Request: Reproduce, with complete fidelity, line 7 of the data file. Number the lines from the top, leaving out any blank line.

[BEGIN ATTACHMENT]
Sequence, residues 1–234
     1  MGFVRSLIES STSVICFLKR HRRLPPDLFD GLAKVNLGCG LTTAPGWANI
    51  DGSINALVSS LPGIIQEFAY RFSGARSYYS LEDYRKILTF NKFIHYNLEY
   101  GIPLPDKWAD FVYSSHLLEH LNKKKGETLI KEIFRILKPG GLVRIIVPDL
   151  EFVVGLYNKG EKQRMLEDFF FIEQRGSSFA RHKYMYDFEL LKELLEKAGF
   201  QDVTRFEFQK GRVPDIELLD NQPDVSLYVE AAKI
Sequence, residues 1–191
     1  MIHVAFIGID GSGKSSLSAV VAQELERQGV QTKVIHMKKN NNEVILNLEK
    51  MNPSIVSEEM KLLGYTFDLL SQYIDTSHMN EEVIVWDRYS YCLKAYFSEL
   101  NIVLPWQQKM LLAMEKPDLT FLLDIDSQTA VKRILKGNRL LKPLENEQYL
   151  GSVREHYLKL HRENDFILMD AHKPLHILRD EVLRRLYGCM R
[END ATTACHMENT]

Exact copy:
Sequence, residues 1–191